Wednesday, February 12, 2014

The Great Preschool Debate

It blows my mind that we are already at this point -- thinking about sending Henry to school. The reality is that in a little over a month he is going to be three-years-old. Technically, he losses the label of toddler altogether and is officially a preschooler. But, does that mean he should go to preschool? 

Morgan and I started thinking about preschools a few months ago. To be completely honest, I was completely set on sending him to a traditional Montessori children's house. Why not? We love Montessori. It provides a great academic base and a chance to gain independence. 

Well, then realty hit. Montessori is expensive. Really really expensive. Schools in our area were in the $400 to $500 a month range for two half-days a week. I would have to get a full time job just to be able to afford it. That just doesn't make sense at this point. Playschools were still an option, but I really don't like the idea of sending him to an expensive glorified daycare center.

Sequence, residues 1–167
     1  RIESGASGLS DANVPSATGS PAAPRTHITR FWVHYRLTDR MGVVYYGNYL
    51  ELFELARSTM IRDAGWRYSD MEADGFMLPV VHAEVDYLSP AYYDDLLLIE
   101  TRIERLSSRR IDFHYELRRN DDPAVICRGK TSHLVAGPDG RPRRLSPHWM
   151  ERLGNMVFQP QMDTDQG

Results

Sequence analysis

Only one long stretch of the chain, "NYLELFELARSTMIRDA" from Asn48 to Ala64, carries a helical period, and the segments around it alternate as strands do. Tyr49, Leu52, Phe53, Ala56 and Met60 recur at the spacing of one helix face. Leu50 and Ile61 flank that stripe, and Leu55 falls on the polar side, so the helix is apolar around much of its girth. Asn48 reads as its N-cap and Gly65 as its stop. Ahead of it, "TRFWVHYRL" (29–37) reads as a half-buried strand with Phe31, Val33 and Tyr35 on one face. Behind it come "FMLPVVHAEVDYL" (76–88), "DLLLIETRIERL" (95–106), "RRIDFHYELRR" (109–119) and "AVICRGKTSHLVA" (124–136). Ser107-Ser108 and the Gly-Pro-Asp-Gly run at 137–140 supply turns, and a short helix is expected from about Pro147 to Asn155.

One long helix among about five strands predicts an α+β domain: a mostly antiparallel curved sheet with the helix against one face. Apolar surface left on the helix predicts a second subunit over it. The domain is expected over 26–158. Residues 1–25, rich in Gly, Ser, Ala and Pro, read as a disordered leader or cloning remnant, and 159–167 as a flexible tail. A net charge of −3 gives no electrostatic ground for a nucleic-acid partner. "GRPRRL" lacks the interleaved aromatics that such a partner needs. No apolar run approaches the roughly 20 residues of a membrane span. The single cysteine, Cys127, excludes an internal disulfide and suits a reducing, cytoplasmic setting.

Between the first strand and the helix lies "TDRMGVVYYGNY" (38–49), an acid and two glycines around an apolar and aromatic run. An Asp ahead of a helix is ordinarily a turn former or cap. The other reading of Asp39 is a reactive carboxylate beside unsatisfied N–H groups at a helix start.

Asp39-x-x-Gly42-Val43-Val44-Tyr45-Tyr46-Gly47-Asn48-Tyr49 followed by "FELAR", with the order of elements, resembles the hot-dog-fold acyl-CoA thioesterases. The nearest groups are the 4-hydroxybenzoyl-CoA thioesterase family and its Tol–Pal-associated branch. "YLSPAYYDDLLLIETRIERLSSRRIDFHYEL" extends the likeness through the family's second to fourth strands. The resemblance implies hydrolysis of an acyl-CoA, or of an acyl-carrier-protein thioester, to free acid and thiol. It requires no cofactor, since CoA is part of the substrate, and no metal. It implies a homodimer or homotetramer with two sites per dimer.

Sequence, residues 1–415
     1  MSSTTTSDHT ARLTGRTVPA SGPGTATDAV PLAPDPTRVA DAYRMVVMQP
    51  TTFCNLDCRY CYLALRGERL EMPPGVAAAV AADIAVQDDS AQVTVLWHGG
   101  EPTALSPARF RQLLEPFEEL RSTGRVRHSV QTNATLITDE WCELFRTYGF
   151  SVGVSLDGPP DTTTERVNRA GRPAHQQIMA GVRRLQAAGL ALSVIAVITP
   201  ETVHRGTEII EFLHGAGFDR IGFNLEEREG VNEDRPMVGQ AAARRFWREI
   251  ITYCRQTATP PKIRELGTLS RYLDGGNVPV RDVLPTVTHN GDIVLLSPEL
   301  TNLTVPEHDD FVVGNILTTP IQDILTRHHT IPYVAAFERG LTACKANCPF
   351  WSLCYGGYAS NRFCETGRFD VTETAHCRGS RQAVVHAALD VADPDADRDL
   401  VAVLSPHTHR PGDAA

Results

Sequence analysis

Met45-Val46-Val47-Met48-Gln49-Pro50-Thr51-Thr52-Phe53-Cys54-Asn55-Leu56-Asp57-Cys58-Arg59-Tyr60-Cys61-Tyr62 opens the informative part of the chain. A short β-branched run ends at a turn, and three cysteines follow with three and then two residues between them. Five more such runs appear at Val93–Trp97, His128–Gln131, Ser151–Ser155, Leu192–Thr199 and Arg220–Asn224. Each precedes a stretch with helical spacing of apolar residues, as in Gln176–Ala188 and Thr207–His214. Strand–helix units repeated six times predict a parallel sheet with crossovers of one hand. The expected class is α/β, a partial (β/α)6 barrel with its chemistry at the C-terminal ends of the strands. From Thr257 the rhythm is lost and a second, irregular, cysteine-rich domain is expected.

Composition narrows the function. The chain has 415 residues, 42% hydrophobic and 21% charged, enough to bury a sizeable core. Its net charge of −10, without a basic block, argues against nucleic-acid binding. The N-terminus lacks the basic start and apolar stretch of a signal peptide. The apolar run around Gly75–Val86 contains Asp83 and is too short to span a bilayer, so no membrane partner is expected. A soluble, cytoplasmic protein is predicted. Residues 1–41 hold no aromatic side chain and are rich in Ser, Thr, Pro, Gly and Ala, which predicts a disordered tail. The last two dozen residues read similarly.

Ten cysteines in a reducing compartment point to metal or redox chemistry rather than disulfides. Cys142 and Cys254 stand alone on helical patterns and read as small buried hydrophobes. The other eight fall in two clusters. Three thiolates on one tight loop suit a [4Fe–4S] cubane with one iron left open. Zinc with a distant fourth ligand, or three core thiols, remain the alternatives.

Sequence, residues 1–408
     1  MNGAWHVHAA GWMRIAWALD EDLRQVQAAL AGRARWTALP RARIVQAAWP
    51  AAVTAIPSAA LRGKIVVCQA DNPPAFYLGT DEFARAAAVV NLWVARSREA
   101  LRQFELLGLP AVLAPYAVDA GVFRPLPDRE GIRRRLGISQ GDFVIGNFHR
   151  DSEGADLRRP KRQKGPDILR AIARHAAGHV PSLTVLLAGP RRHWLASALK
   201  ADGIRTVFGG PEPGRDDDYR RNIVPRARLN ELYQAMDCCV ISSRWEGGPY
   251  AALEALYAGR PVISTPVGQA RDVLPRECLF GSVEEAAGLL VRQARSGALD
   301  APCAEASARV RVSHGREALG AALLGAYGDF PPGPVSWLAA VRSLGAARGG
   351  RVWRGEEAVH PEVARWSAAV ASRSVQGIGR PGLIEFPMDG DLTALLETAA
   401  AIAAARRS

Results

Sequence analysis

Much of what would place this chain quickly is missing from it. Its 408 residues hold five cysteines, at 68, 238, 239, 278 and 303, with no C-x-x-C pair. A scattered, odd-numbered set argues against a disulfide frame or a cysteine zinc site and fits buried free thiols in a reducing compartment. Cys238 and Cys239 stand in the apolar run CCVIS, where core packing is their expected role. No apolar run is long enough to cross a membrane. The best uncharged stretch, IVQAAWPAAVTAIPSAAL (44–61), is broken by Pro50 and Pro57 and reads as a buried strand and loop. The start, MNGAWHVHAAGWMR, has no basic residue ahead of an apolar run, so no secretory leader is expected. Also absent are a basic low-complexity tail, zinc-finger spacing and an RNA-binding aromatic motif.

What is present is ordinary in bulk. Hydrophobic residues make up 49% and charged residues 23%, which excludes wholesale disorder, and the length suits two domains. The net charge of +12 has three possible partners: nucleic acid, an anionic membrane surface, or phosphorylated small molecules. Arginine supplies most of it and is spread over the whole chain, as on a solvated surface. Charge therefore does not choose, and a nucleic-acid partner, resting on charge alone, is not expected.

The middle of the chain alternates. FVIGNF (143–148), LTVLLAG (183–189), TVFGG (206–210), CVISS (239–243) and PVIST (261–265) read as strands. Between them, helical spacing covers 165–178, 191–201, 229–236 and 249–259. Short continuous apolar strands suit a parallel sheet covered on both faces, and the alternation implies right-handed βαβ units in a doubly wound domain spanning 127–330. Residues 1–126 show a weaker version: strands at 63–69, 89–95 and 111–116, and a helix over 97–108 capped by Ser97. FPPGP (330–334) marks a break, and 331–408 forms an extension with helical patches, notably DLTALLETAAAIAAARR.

With Montessori out, I shifted to homeschool. Academically, I'm not worried about Henry. He knows all of his letters, most of their sounds, can almost count to 20, recognizes almost all those numbers. I could just continue what we do at home. 


But, socially, Henry sometimes struggles. He has a difficult time with transitions and crippling anxiety when it comes to separation. If he knows he is going somewhere without me, he will stress {including waking in the night to talk about it} for days ahead of time. Even if its just a quick drop off somewhere familiar. And, unfortunately, this is something homeschool can't help. But, he's only 3, so is this really a problem?

So, we continued our search. And finally found a great academically based program {although not Montessori} near our house for a reasonable price. Its in our local public school, and may be where Henry will go to elementary school. There were limited spots so we applied for the lottery. Yesterday we got notice that Henry was accepted! He starts September 9.